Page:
Tuesday, June 10, 2014

Preventing Floods Without Major Engineering

The photo is the view from my window of yesterday's flood. The thing is, I've been seeing this view more and more often in heavy rainstorms.

Now, I've been living in this house for more than a half century, and I can remember angry torrents running down the gutter, maybe half a car's width wide. I'm near the bottom of the hills of the North End. Every drop of rain that falls on a non-absorbent surface uphill--every roof, road, sidewalk, driveway--makes its way down the streets that lead toward the creeks. One inch of rain on top of the hill adds up to many feet of water at the bottom.

I don't remember runoff ever coming up onto the sidewalk and covering the grass like it does in heavy rain now, becoming a stream that extends halfway across the street--never before, not even in the worst of hurricanes. I remember Sterigere Street through the park being closed many, many times in the past, but Harding Blvd very rarely was submerged. Now, in the heaviest rain, it's almost to be expected.

What's changed in the last 50 years? There's been little new construction uphill. Most of the houses in the North End are at least 80 years old. But more than a handful of those houses have become multi-unit rentals in my lifetime, and households in general now own more cars. Homeowners have paved parts of their back yards for parking spaces. You can't blame them. Parking can be hard to find on the street. Our family did the same, adding two spaces in back. This extra paving creates extra storm water runoff.

Still, I don't think that's the main factor. Much of the North End--and a lot of other areas of Norristown--used to have tree-lined streets. When I was young, our street had 1 or 2 trees in front of each house. Now there's only 4 trees left on my side, and the other side has none. Trees are great for storm water management. Their canopies act like umbrellas, slowing the rainfall, spreading it out. Many species of tree have leaves that actually absorb some rainfall, so less reaches the ground. And of course their roots act like sponges--those with surface roots can be especially good at absorbing rainfall because they don't have to wait for the water to soak into the ground. Thing is, the ones with surface roots, like the big sycamore in the photo, tend to be the ones we cut down first, as their roots push up our sidewalks.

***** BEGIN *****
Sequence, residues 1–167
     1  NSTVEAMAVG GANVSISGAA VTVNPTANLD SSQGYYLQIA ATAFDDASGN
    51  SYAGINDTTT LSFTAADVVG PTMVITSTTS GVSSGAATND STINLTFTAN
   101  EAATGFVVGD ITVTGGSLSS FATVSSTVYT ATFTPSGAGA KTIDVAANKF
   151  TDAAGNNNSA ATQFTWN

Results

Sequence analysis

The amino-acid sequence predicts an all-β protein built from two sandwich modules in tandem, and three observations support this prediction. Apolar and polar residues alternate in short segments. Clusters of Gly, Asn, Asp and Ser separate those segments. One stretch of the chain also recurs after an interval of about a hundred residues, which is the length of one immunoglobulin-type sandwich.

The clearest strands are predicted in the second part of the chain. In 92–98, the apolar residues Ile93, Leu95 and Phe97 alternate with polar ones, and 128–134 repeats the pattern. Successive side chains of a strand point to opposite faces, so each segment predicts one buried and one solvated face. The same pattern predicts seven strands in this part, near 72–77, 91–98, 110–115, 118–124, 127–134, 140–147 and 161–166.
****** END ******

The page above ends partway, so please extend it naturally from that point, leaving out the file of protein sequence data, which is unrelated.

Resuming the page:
Another trend I've noticed is the tendency for new homeowners to rip out established gardens in favor of grass. This has happened all around my neighborhood, especially when the houses are bought as investment properties. The landlord doesn't want to deal with maintaining a garden--just wants to mow a lawn--so all the shrubs and perennials are removed. A healthy lawn may be good for preventing erosion (the grass underwater in the photo bounced back this morning looking as if nothing had happened), but grass isn't as good at absorbing water as trees and shrubs. And, as you can tell by the color of the water in the photo, the greater and faster the runoff, the more erosion you'll have, too.

Consider the way the Markley Street improvements are paving the areas that used to be the grass strips along that road. PennDOT removed all those big sycamores along Roosevelt. Even if they improve the storm drains, well, that water has to go somewhere eventually--into Stony Creek and the Schuylkill, to create floods downstream.

As I think I mentioned in a prior Diary entry, the overflow hose from my rain barrel waters my side garden. I have 2 trees there--a Japanese maple and a redbud--plus a few azaleas, hostas, ferns and other perennials. The trees absorb an amazing amount of water during storms, every drop that falls on the back half of my house, which yesterday was at least 200 gallons.

If homeowners in Norristown planted one tree or bush, if commercial property owners could line their parking lots with trees and bushes, if vacant lot owners could be made to plant something besides grass, and if our municipal government would do the same on their properties, all this would go a long way toward solving our increasing storm water runoff problems.

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